A lot of sites on the web are either just partially indexed or have partially indexed pages on Google, including big names like Walmart, Medium, or Verizon. The partial indexing problem isn’t only caused by JS anymore, how relevant all the elements on your page are plays a role, too! Partial indexing due to irrelevance before was actually the key lesson for me here. It seems that Google skips unrelated parts of a page to save crawl resources.
What you can do, according to Bartosz:
- compare the desktop and mobile version of the same page side-by-side
- run both version’s HTML code through diffchecker
Indexing issues aren’t the only causes for ranking drops. Another one is low CTR, which you can identify in the Search Console. If a result jumps on page 1 but keeps a measly CTR, Google will kick it back on page 2. If that happens for “too many” keywords of a site, Google might devalue it in a board core algorithm update. That’s why you should spot check the user intent and optimize the snippet of pages with keywords ranking in the top 10.
This article by my Ryte Technical Allstars sister Izzy Smith shoes some really cool examples of user intent and relevance. My key lesson: the many examples of Google figuring out the right keywords for a page.
Another factor that impacts rankings significantly besides content is links, and one of the most popular link building methods is guest posts. Guest posting still works but high-quality placements aren’t that easy to come by anymore. Instead of pitching other publications, the method outlined in this article by Alex Tachalova suggests building a following on social networks and then using tools like Followerwonk to find followers that work at sites you want to guest post on and then reaching out.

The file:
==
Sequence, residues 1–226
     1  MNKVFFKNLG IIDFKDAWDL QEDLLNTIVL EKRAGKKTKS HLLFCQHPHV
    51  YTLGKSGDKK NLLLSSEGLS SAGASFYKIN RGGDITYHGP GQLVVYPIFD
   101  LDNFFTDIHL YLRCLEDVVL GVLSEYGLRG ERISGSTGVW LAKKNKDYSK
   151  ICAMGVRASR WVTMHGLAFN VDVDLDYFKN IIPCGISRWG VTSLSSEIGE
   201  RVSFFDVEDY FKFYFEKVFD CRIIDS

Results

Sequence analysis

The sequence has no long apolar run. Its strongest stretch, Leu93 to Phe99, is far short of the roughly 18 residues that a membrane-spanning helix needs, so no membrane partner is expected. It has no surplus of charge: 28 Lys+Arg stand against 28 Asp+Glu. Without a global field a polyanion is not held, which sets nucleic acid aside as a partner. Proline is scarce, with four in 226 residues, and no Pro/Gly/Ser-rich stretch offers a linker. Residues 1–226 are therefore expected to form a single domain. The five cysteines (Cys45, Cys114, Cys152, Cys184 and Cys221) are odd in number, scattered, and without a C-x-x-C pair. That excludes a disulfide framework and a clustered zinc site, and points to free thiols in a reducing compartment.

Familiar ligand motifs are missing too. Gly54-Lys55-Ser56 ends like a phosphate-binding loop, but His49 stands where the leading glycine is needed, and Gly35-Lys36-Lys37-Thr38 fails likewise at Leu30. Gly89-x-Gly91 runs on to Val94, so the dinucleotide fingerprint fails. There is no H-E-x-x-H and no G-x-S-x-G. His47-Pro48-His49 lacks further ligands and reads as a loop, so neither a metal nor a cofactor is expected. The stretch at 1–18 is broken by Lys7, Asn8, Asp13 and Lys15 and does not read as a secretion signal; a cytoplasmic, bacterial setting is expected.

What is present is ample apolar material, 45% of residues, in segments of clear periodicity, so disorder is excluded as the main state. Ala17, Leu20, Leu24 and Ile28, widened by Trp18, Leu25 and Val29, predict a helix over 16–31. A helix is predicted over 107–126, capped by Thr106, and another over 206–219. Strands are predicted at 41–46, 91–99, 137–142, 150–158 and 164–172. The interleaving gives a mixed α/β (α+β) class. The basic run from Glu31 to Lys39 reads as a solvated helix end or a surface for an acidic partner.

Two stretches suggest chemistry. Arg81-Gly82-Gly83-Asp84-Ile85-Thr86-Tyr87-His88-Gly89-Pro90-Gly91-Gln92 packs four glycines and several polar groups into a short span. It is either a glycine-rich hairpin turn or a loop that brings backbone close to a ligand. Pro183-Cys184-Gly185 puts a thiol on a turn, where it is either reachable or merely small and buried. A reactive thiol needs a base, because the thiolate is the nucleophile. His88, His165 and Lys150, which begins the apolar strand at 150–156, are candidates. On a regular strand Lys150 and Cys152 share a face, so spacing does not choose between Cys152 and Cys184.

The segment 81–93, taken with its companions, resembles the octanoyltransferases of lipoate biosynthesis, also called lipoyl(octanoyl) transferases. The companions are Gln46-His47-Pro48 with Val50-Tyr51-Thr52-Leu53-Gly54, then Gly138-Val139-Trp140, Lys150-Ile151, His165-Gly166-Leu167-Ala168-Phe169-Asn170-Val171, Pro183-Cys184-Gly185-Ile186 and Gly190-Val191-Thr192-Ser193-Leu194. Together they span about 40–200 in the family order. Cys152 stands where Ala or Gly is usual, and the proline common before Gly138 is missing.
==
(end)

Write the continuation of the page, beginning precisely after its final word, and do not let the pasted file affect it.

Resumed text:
Besides that, one key lesson for me is including examples of previous guest blogs in your pitch. It prooves experience and can even signal authority if the publications are good enough. I also enjoy the idea of including expert quotes in guest posts to foster relationships.
Pitches don’t just come in emails but also on landing pages in the form of copy. There is an unwritten myth in the SaaS world that shorter copy is better. But Should online copy always be short?
This post explains why many assumptions about short copy, such as people not reading long-form copy, are outdated. This, by the way, is something Eddie Shleyner taught me: if people are curious about something, they’re going to read.
Part of the origin of these assumptions is the intense copying going on between sites and marketers. It also seems that short-form copy is hardly ever tested against long-form. That’s why the key lesson for me is that the length of copy is not as important as the message, trustworthiness, and reduction of friction.
Frictionless content can be video, for example. Entertainment platforms like Youtube, Netflix, or Instagram exist along a social/value curve. Snapchat, for example, has low production value of its content but is very connecting (social). Netflix isn’t sociable but has super high production value. This article about Quibi’s entertainment value explains why the company failed and how other platforms are successful because they fit on the social/value curve.
The best way to determine the sociability of a product is by looking at the relation of content creators and content consumers. Only a tiny share of Netflix consumers create content, as opposed to Snapchat. The higher the share of creators from the overall user base, the more social the product. As a result, recommendation algorithms form a power curve of views per content piece vs number of users. Snapchat has a flat curve (lots of content with low to mediocre engagement), Netflix a steep one (little content with high engagement). Quibi didn’t have any of that. It’s a low-production value platform with low shareability.
Key lesson: TikTok’s success is in part rooted in its frictionless loop of content creation, consumption, and sharing. The line between creators is blurred. #prosumer